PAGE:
"Some birds aren't meant to be caged, their feathers are just too bright"- Morgan Freeman, Shawshank Redemption. This blog is from one such bird who couldn't be caged by organizations who mandate scripted software testing. Pradeep Soundararajan welcomes you to this blog and wishes you a good time here and even otherwise.

Tuesday, January 25, 2011

Story of how a hang becomes a crash (because testers love reporting crashes)

I am doing my first exploratory testing workshop for 2011 and first from Moolya Software Testing Pvt Ltd. and I am excited about it. You can find the details by clicking on this link . If you are in India and plan to attend it, please do it quickly. I usually don't take a lot of participants although I know I'd gain more money out of more participants. Ever since I announced it yesterday, there are 4 seats that got filled within 5 hours.

Now, I am going to tell you a story that I had been hiding for quite a while. Not intentionally hiding but was planning to blog about it and the time is right now :)

I provide many applications to test in my workshop. At the end of a testing session, I check with the participants if they found any crashes with the application. Not to be surprised, a room full of testers, they do report crashes.

I ask them to reproduce it with me watching what they do and here is a shocking information; most of what they report as crash weren't crashes at all. What you are about to read is also a great example of confirmation bias that I have witnessed.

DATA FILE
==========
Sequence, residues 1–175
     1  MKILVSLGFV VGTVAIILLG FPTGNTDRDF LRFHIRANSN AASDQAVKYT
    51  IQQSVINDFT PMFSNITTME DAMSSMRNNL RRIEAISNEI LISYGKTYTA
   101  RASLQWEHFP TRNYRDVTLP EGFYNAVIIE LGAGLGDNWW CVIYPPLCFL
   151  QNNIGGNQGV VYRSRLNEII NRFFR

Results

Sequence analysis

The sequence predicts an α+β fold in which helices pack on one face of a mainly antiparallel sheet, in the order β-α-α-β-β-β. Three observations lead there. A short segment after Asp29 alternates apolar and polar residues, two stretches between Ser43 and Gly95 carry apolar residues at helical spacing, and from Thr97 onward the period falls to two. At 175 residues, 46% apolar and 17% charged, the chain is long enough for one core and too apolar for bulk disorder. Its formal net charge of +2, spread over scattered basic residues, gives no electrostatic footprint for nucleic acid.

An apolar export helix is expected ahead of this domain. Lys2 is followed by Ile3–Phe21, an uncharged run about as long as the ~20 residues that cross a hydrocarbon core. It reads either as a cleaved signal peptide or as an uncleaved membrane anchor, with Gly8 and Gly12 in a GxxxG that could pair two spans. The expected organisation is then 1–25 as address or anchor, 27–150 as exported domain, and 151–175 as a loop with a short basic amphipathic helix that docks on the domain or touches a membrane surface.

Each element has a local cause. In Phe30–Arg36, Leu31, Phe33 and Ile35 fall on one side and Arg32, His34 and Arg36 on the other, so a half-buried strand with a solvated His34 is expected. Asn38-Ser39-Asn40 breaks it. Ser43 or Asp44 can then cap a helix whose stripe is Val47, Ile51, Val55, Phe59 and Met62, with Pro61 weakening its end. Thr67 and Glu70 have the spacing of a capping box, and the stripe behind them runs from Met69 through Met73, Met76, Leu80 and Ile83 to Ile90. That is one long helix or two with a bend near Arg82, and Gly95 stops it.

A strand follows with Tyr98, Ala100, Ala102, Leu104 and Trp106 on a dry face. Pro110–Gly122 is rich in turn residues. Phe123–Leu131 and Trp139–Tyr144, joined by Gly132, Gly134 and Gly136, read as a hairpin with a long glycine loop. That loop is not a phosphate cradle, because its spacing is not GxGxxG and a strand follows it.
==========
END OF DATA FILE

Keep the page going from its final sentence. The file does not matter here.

Here is what they are doing: They are performing an input constraint attack or providing a large set of characters as an input to a field and hits the "Submit" button. They wait for 10 seconds to see what the application does and on seeing the application in not responding state, kill the application and report that as a crash. 

Awesome! Isn't it?

Now, I got conscious of the fact that testers seem to be reporting a hang as a crash and was keen in looking at live projects during my consulting assignments. I get access to the bug tracking system during my consulting (wow) and I see patterns of such reports. 

I go filter out some of the crash reports from the bug tracking system and try to attempt what the tester did to report that type of a crash and bang, that's a hang.

I have made this point to testers who attend my workshop in order to help them be more conscious of what they are seeing versus what they are reporting versus what they are eager to report versus what they should be reporting. 

It seems to me that testers have an anxiety to report crashes. There's nothing wrong in it but it goes horribly wrong when you report a crash by fooling yourselves and the people around you. I recently blogged about the Obsessive Checking if being mentioned disorder that I was suffering from and here is a relevant excerpt from it, "Months later, I started replacing every word by my name till I saw my name on others post. So, I may have read a few posts without actually learning anything from it because all I saw is "Pradeep" & "Tester Tested" on those posts."

Now, why is that relevant to this post? I see that the testers I have witnessed who report hangs as crashes also appear to have a similar problem of obsession towards reporting crashes that they appear to not see a hang but see a crash. I would love if you ask if these testers ever report a hang? Yes, they do. If an application recovers before they kill, that's a hang.

I understand that an application might have hanged because it has crashed but how do you know? Oh yeah, allowing the GUI to fool you and me?